Perspectives, Trends & News

Sustainability: A watchword for FMCG brands

on Wed Jan 01 2022
  • News

In recent years, sustainability has become a key concern for many organisations. However, amid the ongoing COVID-19 pandemic, the focus has shifted to employee and customer safety and keeping businesses running. This necessitated such things as disposable coffee cups and masks, pushing sustainability far down the priority list. 

As retailers were forced to pivot (i.e. offering deliveries, etc.), consumers desired to embrace environmental and social causes. Consequently, consumers are showing loyalty to brands that align with their values. A sustainability policy is an essential reflection of any company’s business model.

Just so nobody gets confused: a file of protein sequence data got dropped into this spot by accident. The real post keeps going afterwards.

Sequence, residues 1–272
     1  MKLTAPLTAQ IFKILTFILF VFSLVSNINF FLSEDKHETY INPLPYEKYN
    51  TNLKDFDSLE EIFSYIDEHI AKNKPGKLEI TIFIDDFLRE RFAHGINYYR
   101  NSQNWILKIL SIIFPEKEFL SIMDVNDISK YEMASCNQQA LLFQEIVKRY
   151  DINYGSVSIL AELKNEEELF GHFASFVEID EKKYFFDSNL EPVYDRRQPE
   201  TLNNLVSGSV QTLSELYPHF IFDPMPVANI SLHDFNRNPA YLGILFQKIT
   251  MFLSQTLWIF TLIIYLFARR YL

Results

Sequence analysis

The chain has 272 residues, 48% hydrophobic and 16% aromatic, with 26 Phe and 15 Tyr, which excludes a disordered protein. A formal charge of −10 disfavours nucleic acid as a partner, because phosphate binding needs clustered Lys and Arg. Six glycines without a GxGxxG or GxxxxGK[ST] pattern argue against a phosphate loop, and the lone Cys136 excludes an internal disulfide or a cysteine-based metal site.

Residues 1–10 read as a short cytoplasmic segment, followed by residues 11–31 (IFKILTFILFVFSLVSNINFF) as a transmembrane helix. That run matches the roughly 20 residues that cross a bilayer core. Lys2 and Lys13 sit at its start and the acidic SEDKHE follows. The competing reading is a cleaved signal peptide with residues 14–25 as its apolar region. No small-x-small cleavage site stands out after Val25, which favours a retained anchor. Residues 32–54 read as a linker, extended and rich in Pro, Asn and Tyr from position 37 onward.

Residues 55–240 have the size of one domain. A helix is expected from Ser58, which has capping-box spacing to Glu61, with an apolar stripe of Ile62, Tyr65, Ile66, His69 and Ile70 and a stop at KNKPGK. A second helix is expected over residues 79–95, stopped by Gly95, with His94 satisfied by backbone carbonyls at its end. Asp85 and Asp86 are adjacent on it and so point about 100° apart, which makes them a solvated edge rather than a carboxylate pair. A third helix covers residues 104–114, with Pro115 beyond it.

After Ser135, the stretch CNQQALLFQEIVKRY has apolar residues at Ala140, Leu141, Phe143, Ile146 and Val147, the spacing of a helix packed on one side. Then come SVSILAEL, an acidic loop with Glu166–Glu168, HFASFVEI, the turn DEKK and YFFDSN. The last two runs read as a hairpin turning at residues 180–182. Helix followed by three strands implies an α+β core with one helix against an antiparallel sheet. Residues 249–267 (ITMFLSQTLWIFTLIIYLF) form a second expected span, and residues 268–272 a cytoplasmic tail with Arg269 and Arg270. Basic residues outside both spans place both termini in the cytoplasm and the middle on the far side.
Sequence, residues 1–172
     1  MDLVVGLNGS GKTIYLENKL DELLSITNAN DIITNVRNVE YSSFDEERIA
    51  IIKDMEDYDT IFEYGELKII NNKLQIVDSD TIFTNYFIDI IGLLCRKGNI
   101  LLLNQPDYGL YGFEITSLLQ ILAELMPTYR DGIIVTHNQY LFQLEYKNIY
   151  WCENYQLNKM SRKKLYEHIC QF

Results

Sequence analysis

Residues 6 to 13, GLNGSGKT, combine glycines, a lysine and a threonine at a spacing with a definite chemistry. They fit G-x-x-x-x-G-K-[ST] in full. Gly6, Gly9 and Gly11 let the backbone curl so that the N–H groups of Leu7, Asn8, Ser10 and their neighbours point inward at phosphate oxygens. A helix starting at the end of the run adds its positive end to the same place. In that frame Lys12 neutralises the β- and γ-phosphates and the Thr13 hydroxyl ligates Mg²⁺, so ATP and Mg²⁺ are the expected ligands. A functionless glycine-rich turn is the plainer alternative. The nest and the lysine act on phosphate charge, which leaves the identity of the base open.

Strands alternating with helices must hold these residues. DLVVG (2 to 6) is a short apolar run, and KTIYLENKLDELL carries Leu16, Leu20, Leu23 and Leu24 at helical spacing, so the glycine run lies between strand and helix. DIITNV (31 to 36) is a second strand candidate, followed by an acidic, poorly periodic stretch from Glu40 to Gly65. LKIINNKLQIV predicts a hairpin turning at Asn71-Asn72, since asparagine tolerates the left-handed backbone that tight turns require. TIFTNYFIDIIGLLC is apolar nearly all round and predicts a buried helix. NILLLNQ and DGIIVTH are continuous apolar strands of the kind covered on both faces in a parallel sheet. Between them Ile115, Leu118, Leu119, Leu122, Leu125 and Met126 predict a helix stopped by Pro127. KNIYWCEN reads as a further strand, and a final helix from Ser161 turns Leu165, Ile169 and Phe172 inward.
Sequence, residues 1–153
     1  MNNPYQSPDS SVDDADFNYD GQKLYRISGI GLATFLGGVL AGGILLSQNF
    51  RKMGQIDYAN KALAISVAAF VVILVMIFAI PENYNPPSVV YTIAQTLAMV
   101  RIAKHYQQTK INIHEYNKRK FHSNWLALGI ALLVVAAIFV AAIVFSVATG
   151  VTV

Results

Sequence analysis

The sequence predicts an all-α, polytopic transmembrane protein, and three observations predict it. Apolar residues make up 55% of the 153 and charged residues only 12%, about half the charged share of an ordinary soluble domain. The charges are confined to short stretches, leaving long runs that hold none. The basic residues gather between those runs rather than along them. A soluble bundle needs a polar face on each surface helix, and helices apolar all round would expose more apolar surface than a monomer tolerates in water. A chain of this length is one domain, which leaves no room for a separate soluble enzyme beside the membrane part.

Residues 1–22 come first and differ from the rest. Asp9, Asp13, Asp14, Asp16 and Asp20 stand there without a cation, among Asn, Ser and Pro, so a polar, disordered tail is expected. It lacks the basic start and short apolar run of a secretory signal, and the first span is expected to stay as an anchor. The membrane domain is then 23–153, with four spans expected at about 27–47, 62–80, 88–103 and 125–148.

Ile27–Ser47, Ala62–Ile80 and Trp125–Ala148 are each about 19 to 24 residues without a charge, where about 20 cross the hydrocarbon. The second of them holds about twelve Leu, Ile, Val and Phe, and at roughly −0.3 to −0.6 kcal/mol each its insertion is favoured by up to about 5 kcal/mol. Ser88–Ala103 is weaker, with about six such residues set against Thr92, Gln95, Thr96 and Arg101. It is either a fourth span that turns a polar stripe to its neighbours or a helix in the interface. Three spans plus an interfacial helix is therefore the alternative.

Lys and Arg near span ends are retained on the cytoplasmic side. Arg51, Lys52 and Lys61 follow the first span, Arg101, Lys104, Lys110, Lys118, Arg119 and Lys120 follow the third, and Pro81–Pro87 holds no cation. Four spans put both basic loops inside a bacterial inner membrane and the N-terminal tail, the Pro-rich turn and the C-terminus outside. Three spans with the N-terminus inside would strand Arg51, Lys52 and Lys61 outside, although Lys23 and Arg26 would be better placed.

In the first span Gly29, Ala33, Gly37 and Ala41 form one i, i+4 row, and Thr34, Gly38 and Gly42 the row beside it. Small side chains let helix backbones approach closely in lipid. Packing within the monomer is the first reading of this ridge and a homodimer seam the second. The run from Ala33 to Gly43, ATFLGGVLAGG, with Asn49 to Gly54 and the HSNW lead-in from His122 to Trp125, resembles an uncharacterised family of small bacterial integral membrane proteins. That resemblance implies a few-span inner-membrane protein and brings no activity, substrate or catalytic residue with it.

According to a National Retail Federation study: 

  • 57 per cent of consumers will alter their shopping habits to lessen negative environmental impacts
  • 81 per cent say sustainability influences their purchasing choices
  • 71 per cent state traceability is so important they will pay a premium to brands who provide it

This article details five fundamental changes in the retail industry based on consumers’ changing preferences and expectations.

1. Businesses are moving to a ‘net zero’ target

With increased media coverage, consumers are becoming aware of national ‘net zero’ targets. The Paris Climate Agreement set out the pledge to achieve zero carbon emissions by the year 2050. 

In response to this goal, many businesses are embracing their own ‘net zero’ target. In 2020, notable companies pledged to reduce their carbon emissions drastically. Retailers' goals will help Australia meet its international commitment to achieving this net-zero carbon emissions target, showing dedication to its customers and environment.